In a report from the Centers for Disease Control and Prevention, they estimate that one in five people in the United States has an STI. The mononucleosis virus, also known as mono, is caused by herpes and infects around 90% of Americans before the age of 35, estimated by the Cleveland Clinic.

As she began to learn more about STIs, Smith took the famous quote by Sir Francis Bacon “knowledge is power” to heart.  “Having the knowledge over those things, at least for me, is like having power over it.”

Once she felt more comfortable, she began reaching out to her close friends, sexual partners and eventually her Instagram account about her new reality with herpes. She started using social media as a forum to teach and inform others about STIs.

“I didn’t immediately start posting openly on my social media. It was small steps for me, like it was telling a close friend that I have herpes, or it was disclosing to my first sexual partner that I had it.”

Social media has helped Smith heal her trauma and challenge her perspective about herself as a sexual being. Sharing her sexual assault through an Instagram post, she began a journey to sexual liberation through vulnerability and knowledge.

An infographic created by Maggie Smith on an instagram post informing her audience about herpes simplex virus. (Courtesy of Maggie Smith)

Smith remarks at the shame she felt, and many more survivors feel when faced with sexual violence. She remembers a feeling of hopelessness and uncertainty of her life after her rape; a reality too many survivors are unsure of how to handle.

“We’re so bound by our shame that we don’t even help ourselves out of it.” By using Instagram as a platform to share her story and research backed information, Smith’s vulnerability allowed a space for others to have important and meaningful conversations about sex and sexual violence.

She saw how all the things we think of as sacred, taboo or just unspeakable are entwined together in our world.

“It all is connected – advocating for survivors, rape culture is connected to this STI stigma is connected to purity culture is connected to the patriarchal view; it’s all connected.”

Building a community through hard and honest conversations has given Smith a profound, unwavering grit. Being unrepentant about her existence and the things that have molded her into the woman she is today is her fuel for continuing to advocate on social media.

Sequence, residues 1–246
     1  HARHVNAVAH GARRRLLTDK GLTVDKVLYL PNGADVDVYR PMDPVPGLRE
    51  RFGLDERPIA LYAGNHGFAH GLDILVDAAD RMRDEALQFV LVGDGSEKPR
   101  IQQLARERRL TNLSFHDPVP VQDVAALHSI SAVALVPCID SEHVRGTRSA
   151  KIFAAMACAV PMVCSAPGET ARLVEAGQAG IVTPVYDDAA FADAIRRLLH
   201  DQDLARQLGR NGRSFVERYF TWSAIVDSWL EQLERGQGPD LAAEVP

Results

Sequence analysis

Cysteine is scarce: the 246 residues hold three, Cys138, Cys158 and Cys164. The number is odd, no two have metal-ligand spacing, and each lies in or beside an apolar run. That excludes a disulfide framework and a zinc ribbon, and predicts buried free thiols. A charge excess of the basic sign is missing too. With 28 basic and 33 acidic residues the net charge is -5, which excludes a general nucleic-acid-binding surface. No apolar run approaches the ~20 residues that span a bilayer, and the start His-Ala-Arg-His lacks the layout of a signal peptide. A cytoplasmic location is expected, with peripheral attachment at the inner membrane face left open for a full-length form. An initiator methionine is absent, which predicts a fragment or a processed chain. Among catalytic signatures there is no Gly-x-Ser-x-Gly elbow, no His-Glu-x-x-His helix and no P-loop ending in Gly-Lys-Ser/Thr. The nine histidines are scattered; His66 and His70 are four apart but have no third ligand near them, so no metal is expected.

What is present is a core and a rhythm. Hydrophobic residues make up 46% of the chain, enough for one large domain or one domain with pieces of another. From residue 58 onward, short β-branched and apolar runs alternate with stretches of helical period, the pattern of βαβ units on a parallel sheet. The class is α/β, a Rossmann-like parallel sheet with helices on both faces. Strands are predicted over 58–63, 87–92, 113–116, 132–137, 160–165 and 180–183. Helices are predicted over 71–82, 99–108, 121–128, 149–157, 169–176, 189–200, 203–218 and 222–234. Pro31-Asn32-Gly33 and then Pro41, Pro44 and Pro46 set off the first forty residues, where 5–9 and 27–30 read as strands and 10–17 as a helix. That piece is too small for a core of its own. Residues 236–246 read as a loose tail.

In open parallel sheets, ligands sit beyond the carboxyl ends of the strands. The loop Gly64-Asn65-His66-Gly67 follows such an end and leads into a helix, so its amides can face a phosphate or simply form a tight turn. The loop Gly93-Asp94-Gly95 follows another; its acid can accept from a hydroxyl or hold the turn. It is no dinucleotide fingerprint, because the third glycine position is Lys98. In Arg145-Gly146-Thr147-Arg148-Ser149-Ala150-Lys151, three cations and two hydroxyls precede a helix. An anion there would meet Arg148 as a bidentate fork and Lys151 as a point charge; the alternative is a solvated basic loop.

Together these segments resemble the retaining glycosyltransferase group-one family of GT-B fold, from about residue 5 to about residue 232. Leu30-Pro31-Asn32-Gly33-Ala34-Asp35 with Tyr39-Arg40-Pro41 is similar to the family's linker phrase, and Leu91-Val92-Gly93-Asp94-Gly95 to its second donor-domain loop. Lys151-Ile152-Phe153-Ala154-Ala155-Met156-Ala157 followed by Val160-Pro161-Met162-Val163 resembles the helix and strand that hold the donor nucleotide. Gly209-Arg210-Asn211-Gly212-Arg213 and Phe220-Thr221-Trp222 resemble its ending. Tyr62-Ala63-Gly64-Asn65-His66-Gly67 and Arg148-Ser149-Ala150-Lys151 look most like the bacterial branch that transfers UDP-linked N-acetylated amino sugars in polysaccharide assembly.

“That’s why I do the Instagram advocacy, because me being so open and loud about it publicly means that nobody can hurt me about it because I’m so proud, I’m confident about it. I don’t give a fuck.”

If you are considering online activism, Smith advises that you should be secure enough in yourself to not be torn down by the few people who won’t support everything you post or share.

“You have to be secure enough in what you believe that you won’t be hurt by insignificant people saying insignificant things to you online.”

Releasing burdening shame and guilt over actions that were not your fault to begin with is a difficult feat when society perpetuates the idea that one is lesser or broken if they have experienced violence in these contexts.

She encourages you to be vulnerable with yourself first before you take steps to start advocating in any regard. Your mental health and wellbeing always come first in the fight to break stigmas about sexual trauma and STIs.

“You have to overcome the hard thing; if you’re feeling shame, it goes for any kind of shame, but if we’re talking about sexual shame, usually that’s going to involve being vulnerable, even if it’s letting yourself be vulnerable with yourself like journaling your shame down.”

Smith feels liberated with the community she has formed through being unapologetic about her hardships as a woman affected by sexual trauma. She finally feels grounded in her body and spirit.

The purity culture she grew up in has no hold on who she is today. Her advocacy and passion for helping others begin their journeys in regaining their sense of self and bodily autonomy is inspiring.

The more we share our stories, the less power we give the people who abused us. No one should feel guilty for being the victim of assault. No one should feel guilty for having sexually transmitted illnesses.

Smith believes there is nowhere for shame to hide if we stop letting it fester in darkness.

“I think shame can’t exist like in the light of day.”

Follow and support Maggie Smith on Instagram at @maggs.smith.

Commentary writer Rose Donnelly can be reached at [email protected] topper.wku.edu. Follow her on Twitter @RoseDonnelly_